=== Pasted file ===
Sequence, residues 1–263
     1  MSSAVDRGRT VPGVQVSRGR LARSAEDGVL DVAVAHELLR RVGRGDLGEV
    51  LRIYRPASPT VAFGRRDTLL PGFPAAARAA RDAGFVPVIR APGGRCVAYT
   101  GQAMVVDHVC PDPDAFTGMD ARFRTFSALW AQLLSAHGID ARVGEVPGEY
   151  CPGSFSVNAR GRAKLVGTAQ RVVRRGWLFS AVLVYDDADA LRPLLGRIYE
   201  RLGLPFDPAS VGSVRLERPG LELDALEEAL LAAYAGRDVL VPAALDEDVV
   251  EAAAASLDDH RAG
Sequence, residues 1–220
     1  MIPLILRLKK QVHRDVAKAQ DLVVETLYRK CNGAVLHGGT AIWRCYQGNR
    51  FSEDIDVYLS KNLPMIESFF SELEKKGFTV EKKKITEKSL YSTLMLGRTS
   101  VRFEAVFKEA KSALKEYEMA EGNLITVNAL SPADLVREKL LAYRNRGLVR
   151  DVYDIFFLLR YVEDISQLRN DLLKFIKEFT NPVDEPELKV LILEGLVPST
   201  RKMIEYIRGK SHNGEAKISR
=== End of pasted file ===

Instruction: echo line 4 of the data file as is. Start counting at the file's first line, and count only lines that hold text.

   101  GQAMVVDHVC PDPDAFTGMD ARFRTFSALW AQLLSAHGID ARVGEVPGEY